In the mid-1990s, though, with a more flexible schedule, he noticed an advertisement for auditions with The Very Little Theater and he decided to give it a try.
“They were doing The Hound of the Baskervilles, and I got a part as a sort of bad guy,” Squire recalled. “For that play, VLT changed up the roles a bit — in the original, the husband was really the bad guy, but in VLT show, they made him kind of bad but his wife was the real villain. I think maybe they were trying to do more equality in the parts.”
Squire dates his introduction to many of Eugene’s seasoned actors to that show, including Dan Pegoda, who played the part of Sherlock Holmes and now is a regular in Radio Redux productions.
For his part, Squire went on to play in several more VLT shows. His appearances have included Dial M for Murder, It Runs in the Family, The Heiress, The Trial of Ebenezer Scrooge, and Frost/Nixon.
Even during his years in Roseburg, Squire did theater whenever he could, primarily at the Umpqua Actors Community Theatre, or UACT.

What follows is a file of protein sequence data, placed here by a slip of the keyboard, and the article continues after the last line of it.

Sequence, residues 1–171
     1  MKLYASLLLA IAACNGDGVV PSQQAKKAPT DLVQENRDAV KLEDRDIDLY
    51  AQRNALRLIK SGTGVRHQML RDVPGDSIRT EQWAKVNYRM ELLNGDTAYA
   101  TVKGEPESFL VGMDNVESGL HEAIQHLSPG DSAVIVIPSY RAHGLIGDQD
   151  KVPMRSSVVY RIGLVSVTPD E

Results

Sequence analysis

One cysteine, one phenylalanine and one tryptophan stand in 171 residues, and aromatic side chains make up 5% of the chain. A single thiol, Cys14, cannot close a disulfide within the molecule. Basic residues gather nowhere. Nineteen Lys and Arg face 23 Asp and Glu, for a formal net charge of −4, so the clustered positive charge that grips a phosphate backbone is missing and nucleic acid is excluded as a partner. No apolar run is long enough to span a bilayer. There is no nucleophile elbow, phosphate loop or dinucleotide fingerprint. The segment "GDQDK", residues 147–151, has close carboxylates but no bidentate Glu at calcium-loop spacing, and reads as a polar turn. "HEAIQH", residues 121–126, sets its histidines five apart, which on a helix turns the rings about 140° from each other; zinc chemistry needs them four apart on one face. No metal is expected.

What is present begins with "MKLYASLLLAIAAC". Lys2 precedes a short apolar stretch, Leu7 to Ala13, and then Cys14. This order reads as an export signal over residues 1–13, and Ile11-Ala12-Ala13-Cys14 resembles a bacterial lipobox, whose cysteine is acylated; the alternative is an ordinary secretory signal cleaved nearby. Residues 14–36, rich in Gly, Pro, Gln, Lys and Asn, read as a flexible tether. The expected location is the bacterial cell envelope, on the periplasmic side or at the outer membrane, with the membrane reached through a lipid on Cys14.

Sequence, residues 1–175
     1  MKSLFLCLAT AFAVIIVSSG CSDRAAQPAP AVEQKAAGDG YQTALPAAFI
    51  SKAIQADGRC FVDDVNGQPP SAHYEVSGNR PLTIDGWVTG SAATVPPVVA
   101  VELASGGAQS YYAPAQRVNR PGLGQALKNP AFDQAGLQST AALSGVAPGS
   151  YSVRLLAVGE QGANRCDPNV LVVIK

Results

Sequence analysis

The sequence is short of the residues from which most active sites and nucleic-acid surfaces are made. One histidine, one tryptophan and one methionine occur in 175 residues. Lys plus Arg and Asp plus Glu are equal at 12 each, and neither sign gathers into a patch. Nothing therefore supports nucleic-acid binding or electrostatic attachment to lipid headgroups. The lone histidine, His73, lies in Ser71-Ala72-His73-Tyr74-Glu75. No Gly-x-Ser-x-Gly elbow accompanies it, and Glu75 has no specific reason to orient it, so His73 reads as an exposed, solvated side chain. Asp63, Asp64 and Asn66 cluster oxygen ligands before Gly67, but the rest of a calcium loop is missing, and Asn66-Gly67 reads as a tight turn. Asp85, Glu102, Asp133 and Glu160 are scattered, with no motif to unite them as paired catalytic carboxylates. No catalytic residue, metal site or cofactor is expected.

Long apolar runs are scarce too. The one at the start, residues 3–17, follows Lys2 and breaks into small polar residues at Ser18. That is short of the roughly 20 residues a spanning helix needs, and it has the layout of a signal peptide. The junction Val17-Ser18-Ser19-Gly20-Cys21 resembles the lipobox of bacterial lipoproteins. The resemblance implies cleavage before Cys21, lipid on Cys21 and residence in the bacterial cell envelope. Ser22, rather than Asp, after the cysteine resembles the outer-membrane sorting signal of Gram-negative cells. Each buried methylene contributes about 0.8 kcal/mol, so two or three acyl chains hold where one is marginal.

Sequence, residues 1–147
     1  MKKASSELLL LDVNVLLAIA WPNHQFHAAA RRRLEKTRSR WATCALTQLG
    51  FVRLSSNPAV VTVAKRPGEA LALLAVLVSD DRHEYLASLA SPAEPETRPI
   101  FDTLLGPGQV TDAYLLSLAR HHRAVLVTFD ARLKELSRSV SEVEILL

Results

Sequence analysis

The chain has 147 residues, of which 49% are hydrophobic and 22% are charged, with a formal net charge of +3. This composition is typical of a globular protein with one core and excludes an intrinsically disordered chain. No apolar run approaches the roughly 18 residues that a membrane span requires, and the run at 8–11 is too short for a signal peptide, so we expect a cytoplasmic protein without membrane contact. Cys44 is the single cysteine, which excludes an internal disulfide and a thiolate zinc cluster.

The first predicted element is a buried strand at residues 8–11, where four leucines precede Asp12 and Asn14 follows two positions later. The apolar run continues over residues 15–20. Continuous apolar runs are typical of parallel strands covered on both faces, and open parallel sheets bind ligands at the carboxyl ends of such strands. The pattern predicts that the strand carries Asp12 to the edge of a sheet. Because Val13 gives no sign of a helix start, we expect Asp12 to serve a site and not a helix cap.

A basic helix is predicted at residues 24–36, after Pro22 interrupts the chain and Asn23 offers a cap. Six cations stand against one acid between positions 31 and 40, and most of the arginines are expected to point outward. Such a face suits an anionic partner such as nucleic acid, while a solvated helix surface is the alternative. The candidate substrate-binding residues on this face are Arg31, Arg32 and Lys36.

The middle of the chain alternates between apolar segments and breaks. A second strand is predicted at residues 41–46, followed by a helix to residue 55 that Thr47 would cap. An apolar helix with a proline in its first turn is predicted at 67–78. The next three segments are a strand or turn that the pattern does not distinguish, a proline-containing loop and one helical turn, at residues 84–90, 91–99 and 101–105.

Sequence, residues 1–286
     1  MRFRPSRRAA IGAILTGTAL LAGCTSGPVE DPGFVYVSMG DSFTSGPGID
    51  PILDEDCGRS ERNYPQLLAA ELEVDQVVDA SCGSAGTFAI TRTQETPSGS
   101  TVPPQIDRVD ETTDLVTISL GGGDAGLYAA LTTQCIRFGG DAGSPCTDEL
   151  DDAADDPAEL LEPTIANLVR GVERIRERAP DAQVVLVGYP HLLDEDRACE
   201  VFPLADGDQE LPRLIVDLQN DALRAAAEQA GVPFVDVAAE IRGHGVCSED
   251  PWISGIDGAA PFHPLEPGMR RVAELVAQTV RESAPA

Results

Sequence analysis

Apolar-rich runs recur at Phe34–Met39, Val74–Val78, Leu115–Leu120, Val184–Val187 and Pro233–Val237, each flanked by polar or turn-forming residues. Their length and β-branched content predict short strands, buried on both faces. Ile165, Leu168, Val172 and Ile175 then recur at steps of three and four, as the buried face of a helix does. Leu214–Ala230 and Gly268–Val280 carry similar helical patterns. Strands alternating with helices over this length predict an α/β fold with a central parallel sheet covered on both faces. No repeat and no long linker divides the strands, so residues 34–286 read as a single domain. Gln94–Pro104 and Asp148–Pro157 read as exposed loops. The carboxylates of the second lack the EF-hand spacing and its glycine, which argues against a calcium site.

“I was in three plays, and I actually got to direct a one-act play there,” he said. “A former newspaper theater critic in Roseburg had written three one-act plays that the theater decided to do. It was in the summer, and we were doing Deathtrap, and one of the actors was sitting backstage reading scripts. I asked him what he was doing, and he told me and asked me if I wanted to direct one. I said, ‘Sure.’ It was a great experience, just a two-person cast, and it was very collaborative and fun to do.”
Squire helps with loading in sound effects and other equipment before a Radio Redux show at the Soreng Theater. Photo by Fred Crafts.
His parts in his Radio Redux debut are small but Squire hopes they will lead to more roles in the future.